#DebConf17, Montreal • An evening out

Submitted by gwolf on Mon, 08/07/2017 - 06:49

I have been in Montreal only for a day. Yesterday night, I left DebConf just after I finished presenting the Continuous Key-Signing Party introduction to go out with a long-time friend from Mexico and his family. We went to the Mont Royal park, from where you can have a beautiful city view:

What I was most amazed of as a Mexico City dweller is of the sky, of the air... Not just in this picture, but as we arrived, or later when a full moon rose. This city has beautiful air, and a very beautiful view. We later went for dinner to a place I heartfully recommend to other non-vegetarian attendees:

Portuguese-style grill. Delicious. Of course, were I to go past it, I'd just drive on (as it had a very long queue waiting to enter). The secret: Do your request on the phone. Make a short queue to pick it up. Have somebody in the group wait for a table, or eat at the nearby Parc Lafontaine. And... Thoroughly enjoy :-)

Anyway, I'm leaving for the venue, about to use the Bixi service for the first time. See you guys soon! (if you are at DebConf17, of course. And you should all be here!)

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DebConf17 Key Signing Party: You are here↓

Submitted by gwolf on Fri, 08/04/2017 - 19:23

I ran my little analysis program written last year to provide a nice map on the DebConf17 key signing party, based on the . What will you find if you go there?

  • A list of all the people that will take part of the KSP
  • Your key's situation relative to the KSP keyring

As an example, here is my location on the map (click on the graph to enlarge):

Its main use? It will help you find what clusters are you better linked with - And who you have not cross-signed with. Some people have signed you but you didn't sign them? Or the other way around? Whom should you approach to make the keyring better connected? Can you spot some attendees who are islands and can get some help getting better connected to our keyring? Please go ahead and do it!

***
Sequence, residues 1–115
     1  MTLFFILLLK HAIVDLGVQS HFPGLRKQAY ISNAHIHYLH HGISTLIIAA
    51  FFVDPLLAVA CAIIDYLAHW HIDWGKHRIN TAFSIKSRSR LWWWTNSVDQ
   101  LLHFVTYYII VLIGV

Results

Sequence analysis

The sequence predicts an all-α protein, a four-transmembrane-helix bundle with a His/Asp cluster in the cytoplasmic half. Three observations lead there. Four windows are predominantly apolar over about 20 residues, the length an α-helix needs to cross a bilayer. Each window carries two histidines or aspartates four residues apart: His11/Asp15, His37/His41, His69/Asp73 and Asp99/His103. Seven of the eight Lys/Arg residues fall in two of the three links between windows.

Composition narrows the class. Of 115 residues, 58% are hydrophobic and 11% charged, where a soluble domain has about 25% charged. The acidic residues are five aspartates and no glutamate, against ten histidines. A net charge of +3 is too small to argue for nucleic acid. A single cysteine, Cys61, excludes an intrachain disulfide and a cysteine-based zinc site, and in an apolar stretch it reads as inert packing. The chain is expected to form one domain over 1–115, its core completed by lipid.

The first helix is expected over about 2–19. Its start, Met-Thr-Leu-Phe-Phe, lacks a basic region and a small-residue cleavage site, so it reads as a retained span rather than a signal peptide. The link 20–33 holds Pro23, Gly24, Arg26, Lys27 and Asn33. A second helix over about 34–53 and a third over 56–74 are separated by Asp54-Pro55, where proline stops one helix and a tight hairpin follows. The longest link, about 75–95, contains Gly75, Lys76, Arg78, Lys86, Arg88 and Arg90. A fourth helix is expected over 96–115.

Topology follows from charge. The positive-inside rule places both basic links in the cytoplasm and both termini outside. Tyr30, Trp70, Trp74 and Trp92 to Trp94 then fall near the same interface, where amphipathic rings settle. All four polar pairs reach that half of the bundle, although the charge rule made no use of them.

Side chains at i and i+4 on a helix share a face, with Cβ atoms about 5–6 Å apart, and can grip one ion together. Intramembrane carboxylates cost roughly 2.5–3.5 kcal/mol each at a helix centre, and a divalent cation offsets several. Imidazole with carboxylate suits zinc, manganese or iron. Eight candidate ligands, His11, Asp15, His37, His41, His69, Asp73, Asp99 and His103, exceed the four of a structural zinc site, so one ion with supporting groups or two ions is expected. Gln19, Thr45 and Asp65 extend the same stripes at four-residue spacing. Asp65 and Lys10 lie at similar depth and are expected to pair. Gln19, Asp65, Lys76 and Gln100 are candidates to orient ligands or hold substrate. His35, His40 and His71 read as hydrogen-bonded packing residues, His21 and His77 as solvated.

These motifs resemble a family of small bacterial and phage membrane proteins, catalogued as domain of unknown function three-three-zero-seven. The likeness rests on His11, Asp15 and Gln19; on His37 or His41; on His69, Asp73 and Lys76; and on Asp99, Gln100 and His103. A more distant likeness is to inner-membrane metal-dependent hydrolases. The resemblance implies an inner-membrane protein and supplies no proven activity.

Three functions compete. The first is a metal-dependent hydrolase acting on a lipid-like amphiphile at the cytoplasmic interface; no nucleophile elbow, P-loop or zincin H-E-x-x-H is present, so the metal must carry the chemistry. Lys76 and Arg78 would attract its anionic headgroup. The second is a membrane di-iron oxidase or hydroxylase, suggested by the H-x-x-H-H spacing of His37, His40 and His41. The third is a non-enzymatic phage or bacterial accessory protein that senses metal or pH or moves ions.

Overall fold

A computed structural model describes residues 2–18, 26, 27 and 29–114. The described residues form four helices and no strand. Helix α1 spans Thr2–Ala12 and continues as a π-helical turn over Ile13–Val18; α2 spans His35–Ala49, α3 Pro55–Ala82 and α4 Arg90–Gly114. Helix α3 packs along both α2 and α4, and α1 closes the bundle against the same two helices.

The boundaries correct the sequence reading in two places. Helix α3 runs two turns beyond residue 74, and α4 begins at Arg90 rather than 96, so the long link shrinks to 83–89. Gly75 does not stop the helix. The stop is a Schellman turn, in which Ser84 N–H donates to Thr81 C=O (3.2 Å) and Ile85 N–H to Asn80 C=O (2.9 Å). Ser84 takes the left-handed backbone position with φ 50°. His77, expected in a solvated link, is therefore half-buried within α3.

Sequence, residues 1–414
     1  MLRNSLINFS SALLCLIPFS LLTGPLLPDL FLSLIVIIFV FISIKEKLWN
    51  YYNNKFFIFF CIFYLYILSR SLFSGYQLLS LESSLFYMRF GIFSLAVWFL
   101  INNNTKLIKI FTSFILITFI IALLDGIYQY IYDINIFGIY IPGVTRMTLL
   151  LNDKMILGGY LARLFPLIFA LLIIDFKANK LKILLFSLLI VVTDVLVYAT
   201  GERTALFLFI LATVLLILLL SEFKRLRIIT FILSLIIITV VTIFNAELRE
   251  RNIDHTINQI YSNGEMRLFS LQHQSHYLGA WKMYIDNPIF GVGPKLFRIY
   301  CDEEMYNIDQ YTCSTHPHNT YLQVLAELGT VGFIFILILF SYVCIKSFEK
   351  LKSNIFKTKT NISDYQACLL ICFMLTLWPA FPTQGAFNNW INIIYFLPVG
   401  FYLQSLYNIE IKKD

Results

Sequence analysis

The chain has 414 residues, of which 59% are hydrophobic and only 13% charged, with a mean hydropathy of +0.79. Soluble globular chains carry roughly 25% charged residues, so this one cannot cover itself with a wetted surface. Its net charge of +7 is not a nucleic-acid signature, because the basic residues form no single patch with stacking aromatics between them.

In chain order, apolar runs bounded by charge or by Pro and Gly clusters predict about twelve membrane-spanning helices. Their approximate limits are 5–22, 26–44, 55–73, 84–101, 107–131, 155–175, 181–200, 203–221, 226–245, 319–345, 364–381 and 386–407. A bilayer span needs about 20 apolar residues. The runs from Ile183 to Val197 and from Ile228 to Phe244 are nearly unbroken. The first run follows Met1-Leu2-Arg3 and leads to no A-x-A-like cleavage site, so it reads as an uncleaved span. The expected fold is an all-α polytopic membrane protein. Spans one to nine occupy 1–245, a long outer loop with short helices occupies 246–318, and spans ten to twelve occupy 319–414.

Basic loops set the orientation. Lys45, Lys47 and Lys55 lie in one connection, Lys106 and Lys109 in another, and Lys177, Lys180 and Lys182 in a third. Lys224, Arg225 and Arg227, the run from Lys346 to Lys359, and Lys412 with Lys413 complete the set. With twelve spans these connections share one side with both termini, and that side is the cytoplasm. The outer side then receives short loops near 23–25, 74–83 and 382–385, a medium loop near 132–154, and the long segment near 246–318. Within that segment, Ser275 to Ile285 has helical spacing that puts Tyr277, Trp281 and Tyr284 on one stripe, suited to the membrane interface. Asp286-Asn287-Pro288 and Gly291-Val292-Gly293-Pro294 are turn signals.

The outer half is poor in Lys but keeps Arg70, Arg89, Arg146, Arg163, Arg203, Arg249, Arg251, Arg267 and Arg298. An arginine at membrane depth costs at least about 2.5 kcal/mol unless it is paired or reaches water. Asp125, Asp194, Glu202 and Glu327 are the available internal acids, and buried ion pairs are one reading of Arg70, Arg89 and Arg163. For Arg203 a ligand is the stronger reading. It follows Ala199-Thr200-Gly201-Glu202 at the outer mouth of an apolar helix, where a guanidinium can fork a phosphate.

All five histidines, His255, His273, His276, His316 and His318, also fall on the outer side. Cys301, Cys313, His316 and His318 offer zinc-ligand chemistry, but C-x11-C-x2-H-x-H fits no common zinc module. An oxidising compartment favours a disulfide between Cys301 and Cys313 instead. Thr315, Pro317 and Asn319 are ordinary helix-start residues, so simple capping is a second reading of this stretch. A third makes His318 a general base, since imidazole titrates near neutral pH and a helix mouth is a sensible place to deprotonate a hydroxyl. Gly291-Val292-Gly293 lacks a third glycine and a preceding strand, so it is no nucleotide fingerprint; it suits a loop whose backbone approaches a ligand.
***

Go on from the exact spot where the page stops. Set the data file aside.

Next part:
PS— There are four keys that are mentioned in the DebConf17 Keysigning Party Names file I used to build this from: 0xE8446B4AC8C77261, 0x485E1BD3AE76CB72, 0x4618E4C700000173, E267B052364F028D. The public keyserver network does not know about them. If you control one of those keys and you want me to run my script again to include it, please send it to the keyservers and mail me. If your key is not in the keyservers, nobody will be able to sign it!

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Getting ready for DebConf17 in Montreal!

Submitted by gwolf on Mon, 07/24/2017 - 22:56


(image shamelessly copied from Noodles' Emptiness)

This year I will only make it to DebConf, not to DebCamp. But, still, I am very very happy and excited as the travel date looms nearer! I have ordered some of the delicacies for the Cheese and Wine party, signed up for the public bicycle system of Montreal, and done a fair share of work with the Content Team; finally today we sent out the announcement for the schedule of talks. Of course, there are several issues yet to fix, and a lot of things to do before traveling... But, no doubt about this: It will be an intense week!

Oh, one more thing while we are at it: The schedule as it was published today does not really look like we have organized stuff into tracks — But we have! This will be soon fixed, adding some color-coding to make tracks clearer on the schedule.

This year, I pushed for the Content Team to recover the notion of tracks as an organizative measure, and as something that delivers value to DebConf as a whole. Several months ago, I created a Wiki page for the DebConf tracks, asking interested people to sign up for them. We currently have the following tracks registered: